Wednesday 16 June 2010
In Zelda news
It’s tradition every year for Nintendo to host a roundtable conference at E3, where developers of the recently-announced titles discuss and expand on them. This year, among others, Shigeru Miyamoto, Nintendo’s famed game designer, and Eiji Aonuma, who having directed pretty much every Zelda title since Majora’s Mask, is the most important man in Zelda today, were attending to discuss, you guessed it, Zelda.
So what was revealed? Lots. So here’s a quick recap about went on.
First, some plot details were revealed. In previous titles, Link has been everything from a ranch worker, to an island dweller, to a forest lurker. This Link comes from the sky. He’s an inhabitant of the floating island Skyloft. When we meet him in the game, he discovers that there is a whole new land below his feet, and finds it rife with evil. During the game you’ll travel between Skyloft and this land below (Hyrule?). This adds some meaning to the game’s title, and also the skydiving Link in the trailer. It also may have something to do with Aonuma’s hint from a few months ago that the game will feature flight.
The new art style, and its inspiration, were discussed. Miyamoto revealed that he found inspiration in nineteenth-century impressionism - the likes of Monet, as he claimed to be a fan of the art from that era. He said it not only affects the backgrounds, but the enemies, who have exaggerated dimensions and movements. The lush sky is a tribute to Cézanne. You’ll have to excuse my ignorance, as I have no idea who Cézanne is.
They also discussed the soundtrack, which you’ll be glad to hear is going to be fully orchestrated for the first time in the series. Miyamoto said that after Mario Galaxy 2, it wouldn’t be right not to do the same for Zelda.
Some gameplay aspects were expanded upon, too. The screen-consuming Wiimote HUD which was permanently attached to the side of the screen in the demo can be turned off, so hooray for that. They also said that maps will be easier to follow, as they felt previous games used maps which were difficult to read. Finally, they mentioned that the game will use MotionPlus and the sensor bar to track the player’s actions, even if you’re pointing away from the screen.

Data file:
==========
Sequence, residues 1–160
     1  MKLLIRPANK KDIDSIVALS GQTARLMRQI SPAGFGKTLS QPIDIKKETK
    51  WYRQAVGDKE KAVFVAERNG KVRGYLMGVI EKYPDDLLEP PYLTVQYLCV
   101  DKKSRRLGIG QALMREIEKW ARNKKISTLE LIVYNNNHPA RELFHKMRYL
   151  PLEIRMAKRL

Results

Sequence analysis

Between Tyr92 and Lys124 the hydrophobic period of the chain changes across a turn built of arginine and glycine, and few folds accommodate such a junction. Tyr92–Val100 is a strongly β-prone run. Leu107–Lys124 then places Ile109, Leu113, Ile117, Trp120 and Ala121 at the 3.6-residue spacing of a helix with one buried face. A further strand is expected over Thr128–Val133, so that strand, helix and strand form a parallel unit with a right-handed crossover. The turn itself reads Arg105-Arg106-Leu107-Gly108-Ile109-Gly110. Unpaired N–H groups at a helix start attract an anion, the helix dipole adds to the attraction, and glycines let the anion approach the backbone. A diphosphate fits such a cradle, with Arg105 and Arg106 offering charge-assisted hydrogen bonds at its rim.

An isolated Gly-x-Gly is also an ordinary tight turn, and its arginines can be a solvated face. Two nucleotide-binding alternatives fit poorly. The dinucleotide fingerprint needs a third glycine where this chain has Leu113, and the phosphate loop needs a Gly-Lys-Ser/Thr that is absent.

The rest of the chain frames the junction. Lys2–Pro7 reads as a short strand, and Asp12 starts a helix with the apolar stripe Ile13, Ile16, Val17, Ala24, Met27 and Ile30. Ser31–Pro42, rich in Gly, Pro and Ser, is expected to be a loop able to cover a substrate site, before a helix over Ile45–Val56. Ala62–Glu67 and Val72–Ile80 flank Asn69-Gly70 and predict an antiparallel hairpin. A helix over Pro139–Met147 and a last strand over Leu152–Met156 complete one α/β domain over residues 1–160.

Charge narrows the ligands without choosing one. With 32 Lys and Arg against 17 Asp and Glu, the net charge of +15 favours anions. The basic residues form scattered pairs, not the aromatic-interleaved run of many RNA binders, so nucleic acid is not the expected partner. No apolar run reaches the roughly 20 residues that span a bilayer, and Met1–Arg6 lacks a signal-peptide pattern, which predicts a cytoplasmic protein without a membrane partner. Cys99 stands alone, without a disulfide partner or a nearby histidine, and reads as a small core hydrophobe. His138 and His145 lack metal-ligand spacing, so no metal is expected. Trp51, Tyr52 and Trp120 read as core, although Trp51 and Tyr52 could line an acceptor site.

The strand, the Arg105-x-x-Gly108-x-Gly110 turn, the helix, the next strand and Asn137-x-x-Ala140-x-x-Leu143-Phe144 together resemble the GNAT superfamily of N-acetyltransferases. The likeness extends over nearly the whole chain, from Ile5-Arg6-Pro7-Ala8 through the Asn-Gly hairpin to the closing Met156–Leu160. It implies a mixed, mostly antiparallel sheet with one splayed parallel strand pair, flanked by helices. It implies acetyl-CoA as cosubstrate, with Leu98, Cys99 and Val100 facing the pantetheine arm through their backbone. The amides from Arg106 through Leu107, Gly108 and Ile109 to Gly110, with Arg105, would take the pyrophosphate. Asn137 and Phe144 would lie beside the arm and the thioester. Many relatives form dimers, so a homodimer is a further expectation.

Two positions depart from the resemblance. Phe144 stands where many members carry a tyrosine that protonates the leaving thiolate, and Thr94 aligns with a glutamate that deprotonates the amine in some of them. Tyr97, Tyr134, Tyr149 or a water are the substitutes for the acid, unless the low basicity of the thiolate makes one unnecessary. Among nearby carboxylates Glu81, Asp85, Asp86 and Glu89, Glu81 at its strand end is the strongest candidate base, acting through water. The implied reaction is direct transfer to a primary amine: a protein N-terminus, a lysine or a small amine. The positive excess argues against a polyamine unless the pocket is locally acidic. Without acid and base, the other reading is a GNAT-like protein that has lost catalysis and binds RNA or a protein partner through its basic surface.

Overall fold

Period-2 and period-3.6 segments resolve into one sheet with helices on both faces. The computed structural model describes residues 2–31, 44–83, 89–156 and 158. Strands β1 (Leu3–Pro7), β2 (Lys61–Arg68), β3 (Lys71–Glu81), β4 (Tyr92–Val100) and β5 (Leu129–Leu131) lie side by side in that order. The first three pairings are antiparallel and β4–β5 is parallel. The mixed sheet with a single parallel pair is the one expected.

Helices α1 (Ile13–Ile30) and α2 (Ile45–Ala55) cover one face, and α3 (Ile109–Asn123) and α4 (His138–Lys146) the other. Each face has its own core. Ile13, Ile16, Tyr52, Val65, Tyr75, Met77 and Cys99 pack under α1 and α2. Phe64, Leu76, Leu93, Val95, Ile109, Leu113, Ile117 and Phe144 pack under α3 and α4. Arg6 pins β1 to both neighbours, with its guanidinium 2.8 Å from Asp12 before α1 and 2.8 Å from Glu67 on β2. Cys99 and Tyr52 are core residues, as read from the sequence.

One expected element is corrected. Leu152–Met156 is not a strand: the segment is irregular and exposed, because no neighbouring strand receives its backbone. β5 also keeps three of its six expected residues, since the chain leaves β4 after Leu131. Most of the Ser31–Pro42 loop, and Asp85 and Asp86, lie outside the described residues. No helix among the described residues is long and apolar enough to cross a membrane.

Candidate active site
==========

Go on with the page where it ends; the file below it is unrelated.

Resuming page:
They also shed some light on the mysterious Ocarina of Time screenshots that appeared out of the blue yesterday. Miyamoto acknowledged them, and said that they were having a look through their back catalogue for titles that could use a 3DS version, by adding new features or simply giving them an extra dimension. Referring to Ocarina of Time, he said he enjoys the openness of Hyrule Field, and wanted to see how it looked in 3D. He confirmed that the game, and Star Fox 64 3D aren’t just tech demos, but they are being “actively developed”. Whether that development will result in a game on store shelves remains to be seen, but after revealing so much, I don’t think the fans will let them get away with not doing it!
And lastly, in reference to the remake, Aonuma revealed possibly the best news of all. He admitted that the game’s Water Temple stage was tremendously difficult (if you found it easy, you’re lying), and said that the new game could be improved by making it easier. He mentioned the touch screen could make the ability to change boots quicker and easier. Hear that? The Water Temple is going to be easier. Playing Ocarina of Time won’t make you bald.
*UPDATE* The existence of Ocarina of Time 3D has now pretty much been officially confirmed, thanks to this handy tweet from the official Nintendo twitter account: http://twitter.com/NintendoAmerica/status/16268409393
So you can look forward to your 3D classic!